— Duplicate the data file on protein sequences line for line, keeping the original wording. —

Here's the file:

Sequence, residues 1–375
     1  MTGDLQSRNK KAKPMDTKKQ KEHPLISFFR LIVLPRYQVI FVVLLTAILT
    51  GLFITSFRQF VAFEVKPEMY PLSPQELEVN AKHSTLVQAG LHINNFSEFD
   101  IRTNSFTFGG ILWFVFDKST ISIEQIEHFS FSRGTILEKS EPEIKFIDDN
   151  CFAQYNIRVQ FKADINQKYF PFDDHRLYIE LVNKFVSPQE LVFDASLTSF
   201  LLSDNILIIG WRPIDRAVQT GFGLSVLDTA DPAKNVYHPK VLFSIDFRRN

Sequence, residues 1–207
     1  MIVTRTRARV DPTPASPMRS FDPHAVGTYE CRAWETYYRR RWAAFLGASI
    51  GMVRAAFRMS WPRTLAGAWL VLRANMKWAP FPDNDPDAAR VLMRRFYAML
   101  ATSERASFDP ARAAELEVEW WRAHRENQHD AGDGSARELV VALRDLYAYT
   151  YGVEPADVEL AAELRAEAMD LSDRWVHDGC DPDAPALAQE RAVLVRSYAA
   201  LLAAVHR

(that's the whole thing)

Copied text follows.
Sequence, residues 1–375
     1  MTGDLQSRNK KAKPMDTKKQ KEHPLISFFR LIVLPRYQVI FVVLLTAILT
    51  GLFITSFRQF VAFEVKPEMY PLSPQELEVN AKHSTLVQAG LHINNFSEFD
   101  IRTNSFTFGG ILWFVFDKST ISIEQIEHFS FSRGTILEKS EPEIKFIDDN
   151  CFAQYNIRVQ FKADINQKYF PFDDHRLYIE LVNKFVSPQE LVFDASLTSF
   201  LLSDNILIIG WRPIDRAVQT GFGLSVLDTA DPAKNVYHPK VLFSIDFRRN

Sequence, residues 1–207
     1  MIVTRTRARV DPTPASPMRS FDPHAVGTYE CRAWETYYRR RWAAFLGASI
    51  GMVRAAFRMS WPRTLAGAWL VLRANMKWAP FPDNDPDAAR VLMRRFYAML
   101  ATSERASFDP ARAAELEVEW WRAHRENQHD AGDGSARELV VALRDLYAYT
   151  YGVEPADVEL AAELRAEAMD LSDRWVHDGC DPDAPALAQE RAVLVRSYAA
   201  LLAAVHR